Nigeria’s elections and future challenges

Published in Sub-Saharan Africa

By Afro-Middle East Centre

The election of General Muhammadu Buhari as Nigeria’s president will see a renewed focus by the government on domestic challenges posed by endemic corruption, the Boko Haram insurgency, and lower oil prices. How successful Buhari will be in dealing with these remains to be seen, but there are hints from his past record about the approach he might take. The gravity of these domestic issues will thus mean little change in the country’s foreign policy.


Buhari attained victory after a close and hard-fought presidential race which, for the first time in Nigerian history, saw an alternation in the governing party. Buhari, who headed a coup government ruling Nigeria between 1983 and 1985, garnered two million more votes (nine per cent) than the incumbent, Goodluck Jonathan. The result was mirrored in state elections held on 11 and 12 April, which saw Buhari’s All Progressives Congress (APC) winning twenty-one states, leaving Jonathan’s People’s Democratic Party (PDP) with fifteen governorships.

At the heart of Buhari’s victory was Jonathan’s failure decisively to tackle Boko Haram in the country’s north, which had caused the deaths of 22 000 people in the past five years. In what many called a referendum on his inaction over Boko Haram, most northern states voted for Buhari, including the most affected states of Yobe, Borno and Adamawa. Despite Jonathan implementing a state of emergency in the north east in May 2013, many Nigerians believed the problem was not being taken seriously because the north was not Jonathan’s main constituency.

Under Jonathan, corruption had also increased dramatically. In 2014, the former central bank governor, Lamido Sanusi, had called for an investigation into the misappropriation of twenty billion dollars from the country’s oil account –he was subsequently dismissed on spurious charges. Further, much of the six billion dollars budgeted for security expenditure is siphoned off by elements in the military and political elite.

Buhari’s military credentials appealed to northerners who bear the brunt of Boko Haram violence. His success in dealing with the 1980s Maitatsine revolt, which was similar to the current insurgency, has added to expectations that he can successfully tackle Boko Haram, and his uncompromising stance on corruption also endeared him to citizens from Lagos and Abuja. He had cracked down on corruption in his ‘war on indiscipline’ when he was military ruler; suspected public officials were speedily retrenched and even jailed. Unlike most previous rulers, Buhari accumulated little personal wealth from his time in office, and lived a relatively modest life before the election.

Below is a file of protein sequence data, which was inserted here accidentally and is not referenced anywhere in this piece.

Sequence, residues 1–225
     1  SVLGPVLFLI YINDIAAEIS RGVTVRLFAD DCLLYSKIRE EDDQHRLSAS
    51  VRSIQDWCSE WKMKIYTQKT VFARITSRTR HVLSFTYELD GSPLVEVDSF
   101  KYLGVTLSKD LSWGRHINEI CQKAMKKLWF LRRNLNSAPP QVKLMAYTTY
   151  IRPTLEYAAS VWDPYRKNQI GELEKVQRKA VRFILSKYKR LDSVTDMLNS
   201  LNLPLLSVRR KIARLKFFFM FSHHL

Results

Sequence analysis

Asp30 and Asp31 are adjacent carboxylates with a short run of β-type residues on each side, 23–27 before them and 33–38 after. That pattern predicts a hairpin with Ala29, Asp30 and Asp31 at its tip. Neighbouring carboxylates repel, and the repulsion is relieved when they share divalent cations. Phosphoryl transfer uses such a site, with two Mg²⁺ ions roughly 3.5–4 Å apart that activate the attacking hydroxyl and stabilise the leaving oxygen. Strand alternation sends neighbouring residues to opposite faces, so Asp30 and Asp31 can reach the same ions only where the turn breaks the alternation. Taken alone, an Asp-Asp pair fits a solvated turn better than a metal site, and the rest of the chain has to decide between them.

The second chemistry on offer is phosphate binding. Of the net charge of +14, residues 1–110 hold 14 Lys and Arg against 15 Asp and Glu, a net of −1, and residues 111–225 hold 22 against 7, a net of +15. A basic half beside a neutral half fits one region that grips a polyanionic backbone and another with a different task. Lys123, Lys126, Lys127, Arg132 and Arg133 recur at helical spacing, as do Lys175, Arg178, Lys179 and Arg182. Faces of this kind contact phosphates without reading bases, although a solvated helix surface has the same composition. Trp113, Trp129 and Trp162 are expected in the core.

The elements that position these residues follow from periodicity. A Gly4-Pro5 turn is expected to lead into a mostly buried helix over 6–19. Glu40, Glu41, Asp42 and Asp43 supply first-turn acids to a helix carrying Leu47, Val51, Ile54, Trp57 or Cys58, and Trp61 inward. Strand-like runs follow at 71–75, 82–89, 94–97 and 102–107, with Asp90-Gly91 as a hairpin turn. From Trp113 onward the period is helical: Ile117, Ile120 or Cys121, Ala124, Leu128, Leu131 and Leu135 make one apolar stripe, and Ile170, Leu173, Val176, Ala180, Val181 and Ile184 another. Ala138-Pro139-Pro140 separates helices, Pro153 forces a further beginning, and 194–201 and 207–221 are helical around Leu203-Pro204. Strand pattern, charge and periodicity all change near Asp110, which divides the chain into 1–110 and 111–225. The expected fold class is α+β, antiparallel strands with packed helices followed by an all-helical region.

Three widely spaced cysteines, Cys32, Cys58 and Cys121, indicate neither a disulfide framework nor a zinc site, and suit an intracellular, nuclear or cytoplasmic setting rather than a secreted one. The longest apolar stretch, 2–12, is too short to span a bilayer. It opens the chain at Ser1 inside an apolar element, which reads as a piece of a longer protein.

Addressing these challenges dominated his campaign. He called corruption a threat to democracy, and said he would reopen investigations into the missing oil wealth. He also declared an intensification of the campaign against Boko Haram and, unlike Jonathan, alluded to the roles played by Cameroon, Chad and Niger in the campaign while arguing that Nigeria needed to be at the forefront.

With these massive challenges there will be little focus on foreign policy. Previously a strong voice in the international community and African Union, and involved in peacekeeping operations in Liberia and Sierra Leone during the 1990s, Nigeria will focus inward. However, unlike Jonathan, Buhari will seek to mend ties between Nigeria and the international community, especially the USA and South Africa. South Africa-Nigeria relations will likely improve, and arms sales between Pretoria and Abuja will probably recommence soon. Pretoria has already begun signalling a desire to resolve a problematic arms deal from 2014. Nigeria is also expected to be more independent in international forums. During the Jonathan years the country often towed the US line, culminating in its much criticised decision to abstain from a vote on Palestinian statehood in December 2014. Coordination between Nigeria and other countries in the region, including Niger, Cameroon and Chad, which was lacking during Jonathan’s rein, will also likely improve. Already, coordination between these states has led to Boko Haram being driven out from seventeen of the twenty local districts it had held in 2014.

But the new president’s powers will be more constrained than when he was last in power; the political and governmental structures he inherits are vastly different to those in a military regime. Although Buhari will need to rapidly address these challenges, Nigeria’s polarisation poses the greatest threat, indicated by how the results of both elections were skewed by religious and ethnic divisions. Jonathan received most votes in the mainly Christian south (by more than eighty per cent in some states), while the north largely voted for the APC and Buhari.

Significantly, the 30 000 educational stipends Jonathan’s administration had been paying to southern students, and millions of dollars paid as patronage to leaders of the militant Movement for the Emancipation of the Niger Delta (MEND), which had disrupted oil production, is up for renewal at the end of 2015. Stopping these payments could see a resumption in MEND’s activities. Buhari will have to confront this issue in an atmosphere where the price of oil, accounting for seventy per cent of Nigeria’s revenue, has halved since its high in 2014. With economic growth dipping to below five per cent for the first time since 2003, Buhari faces almost insurmountable odds.

Last modified on Friday, 28 August 2015 13:24

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